Statement by TransForm Executive Director Stuart Cohen at Bus Rapid Transit groundbreaking ceremony

FOR IMMEDIATE RELEASE: August 26, 2016

CONTACT:
Edie Irons, Communications Director: 510-334-1344 (cell), eirons@transformca.org
Stuart Cohen, Executive Director: 510-543-7419 (cell), scohen@transformca.org

“I can hardly believe this day has come. Fourteen years ago, TransForm studied transit projects around the region, and concluded that Bus Rapid Transit had tremendous potential.  That year we released a report Revolutionizing Bay Area Transit….on a Budget.  It prioritized this corridor, stretching from San Leandro to Downtown Oakland, because of the enormous existing ridership -- 25,000 riders per day.  BRT emulates what we love about rail -- speed, reliability, safety -- but at a fraction of the cost. I’m thrilled today to say that the Bay Area is finally going to revolutionize transit, but on a budget.

“For the past 14 years TransForm has made this BRT project a top priority, engaging the community to shape and ultimately support the project. BRT moves forward every part of TransForm’s mission - to create excellent transportation choices that connect people of all incomes to opportunity, keep California affordable and help solve our climate crisis.  Basically, ‘You can’t get ahead if you can’t get around!’
 
BRT serves those who need it most
“AC Transit has never had a service upgrade like this, and the main beneficiaries will be existing riders -- it’s going to totally transform working people’s commutes. Seventy-two percent of AC Transit’s ridership is low-income, and International Blvd. is AC Transit’s heaviest trafficked line. 25,000 people take the bus along this corridor per day, versus 13,000 to 21,000 cars. 

“Oakland is an incredibly competitive place to live, especially for low-income people. BRT will mean less time on the bus and more time with your family, at school, and at work. BRT turns a 45-minute ride into a 30-minute ride, and the bus will come more often.

A Key Part of an Affordability Strategy 
“BRT is not just about excellent public transit for people who need it, it’s a keystone project that enables other community benefits and improvements. For example, Oakland was awarded more than $3 million in Cap-and-Trade funding because of BRT for Satellite Housing’s the Camino 23 project. That money went to fund affordable homes, repair and improve nearby sidewalks and intersections, purchase free AC Transit pases for residents, and support Oakland’s Pedestrian and Bike program. Finally, AC Transit’s youth pass program is about to begin, with many schools along this corridor.

“Creating affordable, reliable transit near affordable homes keeps Oakland affordable for current residents, and gives them more opportunities to thrive.

Environmental Benefits
“The earth just experienced the hottest month on record (July 2016). This BRT project will attract new riders, eliminating 610,000 car trips per year.  That is why BRT is a key part of Oakland’s Climate Action Plan.

“An amazing 20x more people walk to the bus than drive (or get driven) -- (80% walk to the bus stop, 4% drive). By attracting even more riders, BRT can build community, promote safety, and do it in a way that helps existing residents and reduces car trips.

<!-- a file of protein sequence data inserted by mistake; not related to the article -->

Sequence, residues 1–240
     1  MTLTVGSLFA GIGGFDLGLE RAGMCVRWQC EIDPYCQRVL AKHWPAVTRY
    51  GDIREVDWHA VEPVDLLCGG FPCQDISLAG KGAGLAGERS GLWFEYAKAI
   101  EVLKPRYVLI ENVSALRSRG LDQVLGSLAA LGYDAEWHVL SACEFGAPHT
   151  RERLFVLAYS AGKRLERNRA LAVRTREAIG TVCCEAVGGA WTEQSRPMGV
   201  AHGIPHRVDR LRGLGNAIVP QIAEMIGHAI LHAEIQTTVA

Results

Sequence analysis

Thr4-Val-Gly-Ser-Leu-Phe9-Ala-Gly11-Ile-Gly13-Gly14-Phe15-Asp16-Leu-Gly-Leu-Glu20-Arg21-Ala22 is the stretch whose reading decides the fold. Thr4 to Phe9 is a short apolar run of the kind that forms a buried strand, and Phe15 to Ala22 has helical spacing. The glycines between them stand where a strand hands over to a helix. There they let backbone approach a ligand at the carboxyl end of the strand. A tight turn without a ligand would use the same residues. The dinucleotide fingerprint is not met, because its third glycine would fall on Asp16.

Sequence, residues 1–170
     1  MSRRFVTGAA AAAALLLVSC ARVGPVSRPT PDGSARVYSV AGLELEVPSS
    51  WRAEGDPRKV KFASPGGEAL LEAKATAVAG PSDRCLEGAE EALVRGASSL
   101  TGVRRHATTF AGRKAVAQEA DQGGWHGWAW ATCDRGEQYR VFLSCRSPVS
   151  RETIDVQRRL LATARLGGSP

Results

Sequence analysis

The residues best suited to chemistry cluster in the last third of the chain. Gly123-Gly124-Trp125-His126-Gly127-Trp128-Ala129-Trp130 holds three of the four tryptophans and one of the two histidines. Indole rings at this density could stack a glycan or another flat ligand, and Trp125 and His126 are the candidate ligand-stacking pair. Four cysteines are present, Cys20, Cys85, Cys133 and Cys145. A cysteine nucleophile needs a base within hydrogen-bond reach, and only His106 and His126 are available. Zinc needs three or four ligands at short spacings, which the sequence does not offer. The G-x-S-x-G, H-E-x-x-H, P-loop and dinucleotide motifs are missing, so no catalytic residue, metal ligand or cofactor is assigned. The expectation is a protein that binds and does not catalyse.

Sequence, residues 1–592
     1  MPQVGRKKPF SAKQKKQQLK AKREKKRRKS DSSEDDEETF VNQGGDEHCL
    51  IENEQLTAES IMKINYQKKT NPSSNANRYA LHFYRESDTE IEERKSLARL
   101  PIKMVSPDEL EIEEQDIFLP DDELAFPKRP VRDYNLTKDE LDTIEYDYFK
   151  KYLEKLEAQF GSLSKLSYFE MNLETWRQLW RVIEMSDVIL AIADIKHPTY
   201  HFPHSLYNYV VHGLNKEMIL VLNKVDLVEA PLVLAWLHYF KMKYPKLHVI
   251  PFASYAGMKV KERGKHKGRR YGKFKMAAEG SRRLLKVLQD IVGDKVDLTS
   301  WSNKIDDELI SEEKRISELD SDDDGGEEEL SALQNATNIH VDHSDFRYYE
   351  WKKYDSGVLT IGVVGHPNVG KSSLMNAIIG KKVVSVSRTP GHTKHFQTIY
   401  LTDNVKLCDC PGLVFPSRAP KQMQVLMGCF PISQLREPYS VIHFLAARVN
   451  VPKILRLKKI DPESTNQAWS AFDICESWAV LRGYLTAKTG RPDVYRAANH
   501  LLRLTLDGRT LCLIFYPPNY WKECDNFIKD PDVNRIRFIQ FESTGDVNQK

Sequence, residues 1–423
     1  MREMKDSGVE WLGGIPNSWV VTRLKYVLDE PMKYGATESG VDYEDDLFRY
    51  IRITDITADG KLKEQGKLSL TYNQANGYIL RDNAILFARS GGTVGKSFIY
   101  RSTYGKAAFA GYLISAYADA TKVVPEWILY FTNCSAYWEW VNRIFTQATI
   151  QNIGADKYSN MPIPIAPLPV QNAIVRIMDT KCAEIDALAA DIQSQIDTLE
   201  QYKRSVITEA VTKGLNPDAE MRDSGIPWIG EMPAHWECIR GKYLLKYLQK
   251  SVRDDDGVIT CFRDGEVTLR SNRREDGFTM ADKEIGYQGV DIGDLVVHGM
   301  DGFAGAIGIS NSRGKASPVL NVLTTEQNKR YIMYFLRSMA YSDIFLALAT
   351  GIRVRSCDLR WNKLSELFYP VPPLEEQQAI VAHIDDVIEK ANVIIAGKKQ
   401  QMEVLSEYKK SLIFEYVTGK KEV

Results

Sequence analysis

Breaking the cycle of traffic congestion
“BRT can break the vicious cycle of traffic congestion. As jobs and populations grow, more drivers slow busses down and make them less reliable, leading more people to drive, and so on. BRT has broken this cycle in cities across the world, attracting riders out of their cars. Right now the bus service on International Blvd is unacceptably slow, but BRT will be a viable, attractive alternative to sitting in traffic, for both existing bus riders and for some car commuters.”
 
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Statistics on East Bay Bus Rapid Transit (BRT)

  • 72% of AC Transit’s ridership is low-income, and International Blvd is AC Transit’s heaviest trafficked line. (Source: AC Transit
  • 25,000 people take transit along the International Boulevard corridor per day (Source: AC Transit), versus 13,000-21,000 cars that pass through per day (Source: Kittelson & Associates).
  • In July, the earth experienced the hottest month on record (Source: NOAA); BRT is projected to eliminate 900,000 car trips a year. (Source: AC Transit)
  • 80% of AC Transit riders walk to the bus stop, while only 4% drive. (Source: AC Transit)
  • BRT is not just about excellent public transit for people who need it - it’s a keystone project that enables other community benefits and improvements:
    • Affordable homes:
      • $3,062,730 was awarded to Oakland from cap-and-trade funding because of BRT for Satellite Housing’s development, Camino 23. (Source: www.ClimateBenefitsCA.org)
    • Safe streets:
      • City of Oakland received a $726,050 infrastructure award for International Blvd improvements including repaired sidewalks, lighting, and special intersection paving at the Camino 23 development. (Source: MTC)
      • City of Oakland also won $2.5M for additional sidewalk and streetlight improvements from Caltrans’ Active Transportation Planning Grants. (Source: Oakland Public Works)
    • Affordable transit:
      • Oakland received $46,975 for bulk purchase of free AC Transit for Camino 23 residents. (Source: MTC)
      • Measure BB will also provide youth with free transit passes for students at the many schools along the BRT corridor. (Source: Alameda CTC)
    • Bicycle and pedestrian infrastructure:
      • $50,000 for City of Oakland staff management of Ped and Bike Program. (Source: MTC)